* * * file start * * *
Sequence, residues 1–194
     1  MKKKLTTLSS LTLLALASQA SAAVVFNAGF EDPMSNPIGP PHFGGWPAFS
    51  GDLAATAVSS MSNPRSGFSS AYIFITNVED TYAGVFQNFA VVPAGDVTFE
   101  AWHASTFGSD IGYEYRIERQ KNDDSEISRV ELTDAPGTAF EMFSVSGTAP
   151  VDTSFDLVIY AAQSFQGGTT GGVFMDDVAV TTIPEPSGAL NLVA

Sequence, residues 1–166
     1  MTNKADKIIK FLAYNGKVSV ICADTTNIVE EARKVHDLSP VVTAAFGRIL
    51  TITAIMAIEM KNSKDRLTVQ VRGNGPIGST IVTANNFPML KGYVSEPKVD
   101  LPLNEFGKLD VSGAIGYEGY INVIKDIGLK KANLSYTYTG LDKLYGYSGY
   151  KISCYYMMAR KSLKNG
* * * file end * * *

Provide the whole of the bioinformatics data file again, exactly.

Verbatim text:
Sequence, residues 1–194
     1  MKKKLTTLSS LTLLALASQA SAAVVFNAGF EDPMSNPIGP PHFGGWPAFS
    51  GDLAATAVSS MSNPRSGFSS AYIFITNVED TYAGVFQNFA VVPAGDVTFE
   101  AWHASTFGSD IGYEYRIERQ KNDDSEISRV ELTDAPGTAF EMFSVSGTAP
   151  VDTSFDLVIY AAQSFQGGTT GGVFMDDVAV TTIPEPSGAL NLVA

Sequence, residues 1–166
     1  MTNKADKIIK FLAYNGKVSV ICADTTNIVE EARKVHDLSP VVTAAFGRIL
    51  TITAIMAIEM KNSKDRLTVQ VRGNGPIGST IVTANNFPML KGYVSEPKVD
   101  LPLNEFGKLD VSGAIGYEGY INVIKDIGLK KANLSYTYTG LDKLYGYSGY
   151  KISCYYMMAR KSLKNG